Sorting and private education in Italy
This paper discusses reforms of Italian secondary schools' curriculum and funding in light of theoretical considerations, of the experience of other countries, and of empirical evidence. We briefly review socio-economic views on the schooling system's role in shaping the social structure and productive potential of new generations. The current structure of the Italian secondary school system lets the student population sort itself, on the basis of individuals' financial and culturalbackground, along both vocational vs. comprehensive and public vs. private dimensions. We characterise the outcome of this sorting, and its relationship to further educational experience, with a statistical analysis of a sample of University students. Not surprisingly, we find that in Italy Catholic private schools play a different role from that of their American counterparts, which have been found to improve the performance of relatively poor students. Italian confessional and other private schools appear to cater to the needs of relatively less talented students fromrelatively rich family backgrounds.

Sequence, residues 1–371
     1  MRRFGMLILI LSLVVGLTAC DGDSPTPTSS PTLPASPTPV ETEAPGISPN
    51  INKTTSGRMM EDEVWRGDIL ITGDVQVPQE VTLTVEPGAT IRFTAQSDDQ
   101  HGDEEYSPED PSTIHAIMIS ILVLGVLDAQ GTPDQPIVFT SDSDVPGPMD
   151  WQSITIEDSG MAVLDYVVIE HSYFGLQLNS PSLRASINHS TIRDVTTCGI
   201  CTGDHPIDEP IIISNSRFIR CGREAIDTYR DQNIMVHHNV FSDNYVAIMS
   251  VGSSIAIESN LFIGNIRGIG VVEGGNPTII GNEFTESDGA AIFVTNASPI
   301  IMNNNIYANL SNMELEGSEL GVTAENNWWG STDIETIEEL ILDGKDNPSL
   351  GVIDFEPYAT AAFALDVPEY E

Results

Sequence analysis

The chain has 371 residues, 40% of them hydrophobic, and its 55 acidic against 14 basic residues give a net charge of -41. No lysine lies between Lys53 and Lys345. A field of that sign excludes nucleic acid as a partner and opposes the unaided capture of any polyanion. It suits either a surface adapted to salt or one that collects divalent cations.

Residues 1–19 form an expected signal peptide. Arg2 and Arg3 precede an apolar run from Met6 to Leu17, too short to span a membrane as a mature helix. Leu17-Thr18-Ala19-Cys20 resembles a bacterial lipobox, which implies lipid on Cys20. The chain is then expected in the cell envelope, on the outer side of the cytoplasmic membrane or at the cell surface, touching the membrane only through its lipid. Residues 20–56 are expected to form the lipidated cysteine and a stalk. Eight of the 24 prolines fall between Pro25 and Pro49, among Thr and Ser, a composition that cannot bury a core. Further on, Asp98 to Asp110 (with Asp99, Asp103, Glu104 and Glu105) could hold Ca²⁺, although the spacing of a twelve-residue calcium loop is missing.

|Date of creation:||01 Jan 2001|
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